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A large part of Jordan's 10 million population are of Palestinian origin.
The kingdom has been fiercely critical of the Israeli operation in Gaza, which is in its fifth week.
The two US allies signed a peace treaty in 1994 and have security co-operation, as well as $150 million in bilateral trade.
King Abdullah told officials that "any scenario … to reoccupy parts of Gaza or setting up a buffer zones in it will compound the crisis", and be "an aggression against Palestinian rights", official television reported.
The king called for the war to be stopped and "a serious political process launched, leading to the two-state solution".
"The solution starts from there. Any other track will result in failure and more cycles of violence and destruction," the station quoted King Abdullah as saying.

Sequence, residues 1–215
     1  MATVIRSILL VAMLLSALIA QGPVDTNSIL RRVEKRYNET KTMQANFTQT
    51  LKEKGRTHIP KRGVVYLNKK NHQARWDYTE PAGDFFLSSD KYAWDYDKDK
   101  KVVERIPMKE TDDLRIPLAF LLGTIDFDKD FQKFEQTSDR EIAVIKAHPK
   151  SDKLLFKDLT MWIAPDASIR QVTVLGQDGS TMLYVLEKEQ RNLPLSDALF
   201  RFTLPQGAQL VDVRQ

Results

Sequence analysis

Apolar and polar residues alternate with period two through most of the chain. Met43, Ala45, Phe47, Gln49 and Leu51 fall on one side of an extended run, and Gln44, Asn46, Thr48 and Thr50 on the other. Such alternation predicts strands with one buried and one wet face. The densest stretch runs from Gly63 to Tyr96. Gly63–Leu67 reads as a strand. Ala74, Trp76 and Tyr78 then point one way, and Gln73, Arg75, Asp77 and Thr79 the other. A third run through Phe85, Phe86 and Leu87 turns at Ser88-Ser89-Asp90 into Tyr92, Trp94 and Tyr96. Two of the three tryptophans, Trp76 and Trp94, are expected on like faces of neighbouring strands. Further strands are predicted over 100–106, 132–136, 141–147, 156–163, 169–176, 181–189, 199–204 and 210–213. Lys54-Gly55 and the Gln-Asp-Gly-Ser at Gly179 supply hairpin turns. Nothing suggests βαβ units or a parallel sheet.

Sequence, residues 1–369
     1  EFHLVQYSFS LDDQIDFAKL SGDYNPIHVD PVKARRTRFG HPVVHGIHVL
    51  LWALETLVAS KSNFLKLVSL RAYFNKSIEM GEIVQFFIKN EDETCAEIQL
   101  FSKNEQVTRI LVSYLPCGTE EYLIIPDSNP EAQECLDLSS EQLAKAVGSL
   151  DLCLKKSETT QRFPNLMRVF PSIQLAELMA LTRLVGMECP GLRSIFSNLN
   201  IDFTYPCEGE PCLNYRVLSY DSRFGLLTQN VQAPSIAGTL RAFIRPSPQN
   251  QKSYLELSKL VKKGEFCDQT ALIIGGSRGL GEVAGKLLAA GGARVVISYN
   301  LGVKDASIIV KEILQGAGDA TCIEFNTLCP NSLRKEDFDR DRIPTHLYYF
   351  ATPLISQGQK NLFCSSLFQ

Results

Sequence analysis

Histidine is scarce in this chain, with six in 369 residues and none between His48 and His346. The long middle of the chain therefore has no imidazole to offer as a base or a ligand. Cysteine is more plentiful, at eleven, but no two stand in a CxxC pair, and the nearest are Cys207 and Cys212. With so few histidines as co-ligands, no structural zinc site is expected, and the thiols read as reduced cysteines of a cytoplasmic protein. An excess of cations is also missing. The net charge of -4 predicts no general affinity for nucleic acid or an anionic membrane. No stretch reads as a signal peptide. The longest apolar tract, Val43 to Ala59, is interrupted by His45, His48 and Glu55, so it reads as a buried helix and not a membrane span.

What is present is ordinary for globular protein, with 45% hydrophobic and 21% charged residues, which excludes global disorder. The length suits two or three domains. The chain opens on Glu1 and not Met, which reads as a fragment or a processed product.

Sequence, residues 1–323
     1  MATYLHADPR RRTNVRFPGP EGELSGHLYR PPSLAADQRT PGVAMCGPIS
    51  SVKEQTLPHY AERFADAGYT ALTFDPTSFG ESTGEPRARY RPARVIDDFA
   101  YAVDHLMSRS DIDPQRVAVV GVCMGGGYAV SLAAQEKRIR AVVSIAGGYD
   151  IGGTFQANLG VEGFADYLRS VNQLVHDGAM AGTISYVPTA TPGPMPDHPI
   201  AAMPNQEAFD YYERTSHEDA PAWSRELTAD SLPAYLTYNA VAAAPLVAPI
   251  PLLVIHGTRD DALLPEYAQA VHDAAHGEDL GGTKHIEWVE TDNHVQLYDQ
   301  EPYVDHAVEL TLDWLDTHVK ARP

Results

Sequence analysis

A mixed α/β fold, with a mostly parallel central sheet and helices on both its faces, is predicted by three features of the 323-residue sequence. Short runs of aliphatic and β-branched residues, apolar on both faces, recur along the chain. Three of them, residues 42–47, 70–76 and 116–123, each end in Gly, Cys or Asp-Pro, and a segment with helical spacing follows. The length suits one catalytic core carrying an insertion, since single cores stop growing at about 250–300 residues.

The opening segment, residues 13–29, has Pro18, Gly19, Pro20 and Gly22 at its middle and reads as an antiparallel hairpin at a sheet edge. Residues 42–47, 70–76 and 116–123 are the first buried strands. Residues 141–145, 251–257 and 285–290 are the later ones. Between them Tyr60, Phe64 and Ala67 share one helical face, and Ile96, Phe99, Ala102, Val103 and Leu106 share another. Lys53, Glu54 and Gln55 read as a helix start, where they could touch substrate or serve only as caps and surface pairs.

Jordan airdrops aid to Gaza hospital for second time in a week - video
Earlier on Monday, Jordan's Parliament voted unanimously for its legal committee to review past agreements with Israel, including the 1994 peace treaty, according to official media.
Parliament has no say over foreign policy in Jordan, where all significant powers are with the king.
On November 1, Jordan recalled its ambassador in Israel to protest against "the Israeli war that is killing innocent people in Gaza”, the Foreign Ministry said.
The war started with a surprise attack by Hamas, the militant group supported by Iran, on southern Israel.
Jordanian authorities expelled Hamas leadership in 1999 to Qatar, citing security reasons, but maintains channels with the group.
The UN considers Gaza to be occupied territory, despite the Israeli pullout from the area in 2005.
Hamas took control of Gaza from President Mahmoud Abbas's Fatah after a civil war between 2006 and 2007.